On June 15, California Democratic senator Dianne Feinstein sent a letter to the heads of four federal agencies – the Federal Reserve, Consumer Financial Protection Bureau, Federal Deposit Insurance Corporation, and Office of the Comptroller of the Currency – in which she expressed concern over the level of confusion American consumers are experiencing due to poorly explained mortgage forbearance guidelines.
The letter follows an April report from the Inspector General of the Department of Housing and Urban Development that found banks and servicers had been providing, according to Feinstein, “incomplete, inconsistent, and unclear information” to federally-backed borrowers seeking forbearance relief. Highlighting reporting by the L.A. Times, Feinstein explains that many servicers’ websites do not explain to homeowners with federally-backed mortgages that they are entitled to as many as 12 months of forbearance, or that the majority of these borrowers have options other than lump-sum repayments once their forbearance period ends.
“I urge your agencies to issue guidance to mortgage servicers requiring uniform and comprehensive consumer disclosures that clearly explain all federal mortgage forbearance options available during the coronavirus pandemic,” Feinstein wrote.
Based on his interactions with borrowers and industry professionals, Shashank Shekhar, founder and CEO of Arcus Lending says homeowners knew that forbearance was an option, but in many cases, that was the extent of their understanding. Few had – or still have, according to Feinstein – a clear idea of what happens when forbearance ends.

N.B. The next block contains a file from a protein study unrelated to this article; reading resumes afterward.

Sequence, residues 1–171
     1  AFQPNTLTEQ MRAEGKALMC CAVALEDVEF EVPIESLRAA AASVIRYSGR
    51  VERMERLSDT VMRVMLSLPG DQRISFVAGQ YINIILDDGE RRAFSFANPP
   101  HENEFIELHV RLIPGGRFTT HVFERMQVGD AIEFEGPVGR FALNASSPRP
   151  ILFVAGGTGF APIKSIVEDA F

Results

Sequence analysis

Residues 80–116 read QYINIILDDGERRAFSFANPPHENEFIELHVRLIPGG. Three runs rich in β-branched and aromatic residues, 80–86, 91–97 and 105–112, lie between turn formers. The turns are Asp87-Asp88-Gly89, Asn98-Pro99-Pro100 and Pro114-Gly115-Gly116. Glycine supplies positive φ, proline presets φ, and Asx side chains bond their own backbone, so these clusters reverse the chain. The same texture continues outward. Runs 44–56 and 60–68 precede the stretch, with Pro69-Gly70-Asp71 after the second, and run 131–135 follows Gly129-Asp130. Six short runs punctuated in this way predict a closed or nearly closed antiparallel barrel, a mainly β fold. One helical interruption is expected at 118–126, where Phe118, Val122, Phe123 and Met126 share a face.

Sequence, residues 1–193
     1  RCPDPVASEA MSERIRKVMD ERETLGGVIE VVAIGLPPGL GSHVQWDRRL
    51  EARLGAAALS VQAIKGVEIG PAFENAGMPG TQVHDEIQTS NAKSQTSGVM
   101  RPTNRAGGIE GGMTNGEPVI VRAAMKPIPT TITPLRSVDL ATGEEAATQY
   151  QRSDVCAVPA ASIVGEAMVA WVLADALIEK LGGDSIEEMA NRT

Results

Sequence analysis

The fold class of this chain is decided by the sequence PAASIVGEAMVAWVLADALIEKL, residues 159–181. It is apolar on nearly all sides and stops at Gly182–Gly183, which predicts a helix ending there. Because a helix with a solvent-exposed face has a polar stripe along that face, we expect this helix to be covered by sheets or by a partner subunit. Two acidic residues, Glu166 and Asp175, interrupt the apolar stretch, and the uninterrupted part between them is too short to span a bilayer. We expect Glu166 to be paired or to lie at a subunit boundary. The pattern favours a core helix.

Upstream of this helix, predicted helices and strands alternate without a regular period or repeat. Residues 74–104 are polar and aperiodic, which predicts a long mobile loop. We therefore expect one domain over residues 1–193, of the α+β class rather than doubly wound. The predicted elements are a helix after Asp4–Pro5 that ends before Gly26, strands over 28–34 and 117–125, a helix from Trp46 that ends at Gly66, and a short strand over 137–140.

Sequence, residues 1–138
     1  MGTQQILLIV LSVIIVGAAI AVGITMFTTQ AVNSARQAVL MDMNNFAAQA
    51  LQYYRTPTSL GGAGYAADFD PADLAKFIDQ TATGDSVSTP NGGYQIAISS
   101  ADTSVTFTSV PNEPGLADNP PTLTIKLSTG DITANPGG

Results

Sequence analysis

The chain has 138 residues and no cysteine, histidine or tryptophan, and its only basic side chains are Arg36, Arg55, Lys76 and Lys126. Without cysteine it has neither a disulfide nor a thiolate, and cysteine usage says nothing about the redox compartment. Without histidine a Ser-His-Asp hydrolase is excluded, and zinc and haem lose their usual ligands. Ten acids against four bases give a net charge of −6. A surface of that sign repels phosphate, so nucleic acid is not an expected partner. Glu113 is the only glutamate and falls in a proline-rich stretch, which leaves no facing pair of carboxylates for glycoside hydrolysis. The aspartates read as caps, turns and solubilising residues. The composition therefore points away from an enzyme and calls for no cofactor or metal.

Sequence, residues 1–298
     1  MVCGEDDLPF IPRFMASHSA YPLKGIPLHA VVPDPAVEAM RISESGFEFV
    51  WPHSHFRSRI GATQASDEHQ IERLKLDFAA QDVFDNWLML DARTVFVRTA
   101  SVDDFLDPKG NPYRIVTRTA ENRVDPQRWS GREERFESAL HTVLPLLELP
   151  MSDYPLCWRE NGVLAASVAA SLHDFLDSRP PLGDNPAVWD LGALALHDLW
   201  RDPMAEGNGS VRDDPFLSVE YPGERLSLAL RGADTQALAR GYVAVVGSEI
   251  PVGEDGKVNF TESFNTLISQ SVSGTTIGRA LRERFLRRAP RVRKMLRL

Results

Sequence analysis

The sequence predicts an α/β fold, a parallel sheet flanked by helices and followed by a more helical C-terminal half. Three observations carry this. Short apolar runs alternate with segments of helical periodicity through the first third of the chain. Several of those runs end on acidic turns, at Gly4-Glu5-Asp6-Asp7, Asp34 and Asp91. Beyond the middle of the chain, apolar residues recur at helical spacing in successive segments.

“Some even thought forbearance was forgiveness and that they wouldn't need to make those payments again,” Shekhar says. “They also had no idea that the servicers of privately-held mortgages could report the missed payments as late payments to the credit bureaus, thus jeopardizing any future loan approvals for the borrowers.”
In her letter, Feinstein also requested that borrowers holding privately-backed mortgages be made eligible for the same level of forbearance relief government-backed borrowers received in the CARES Act.
“My office has heard from numerous California constituents with privately-backed mortgages who are experiencing confusion and uncertainty around relief options available to them during the pandemic,” she wrote.
Feinstein explains that some borrowers of private money have been granted temporary forbearance by their lenders, but without the same suite of repayment options offered with government-backed forbearance plans, many are worried that the lump sum payments awaiting them on the other side of forbearance may bankrupt them.
Reporting by the New York Times found multiple instances of privately-backed homeowners being required to make large lump-sum deposits after receiving a pause in their mortgage payments. One homeowner in Florida is being asked to pay $4,450, or three months’ mortgage payments, on July 1. A laid-off grandmother in Queens is looking at a six-month forbearance repayment of $13,500.
The Times reports that 30 percent of borrowers are currently ineligible for the same forbearance relief offered to government-backed borrowers. In as little as a month or two, there could be tens of thousands of homeowners across America forced to make lump-sum payments they may not be able to afford.
“Without clear guidance for all mortgage borrowers and an extension of relief to privately-backed mortgage borrowers, many could unnecessarily fall into delinquency, default, and foreclosure, causing harm to American families and hampering our nation’s economic recovery,” Feinstein wrote.
Neither the Federal Reserve nor the Consumer Financial Protection Bureau responded to MPA’s requests for comment.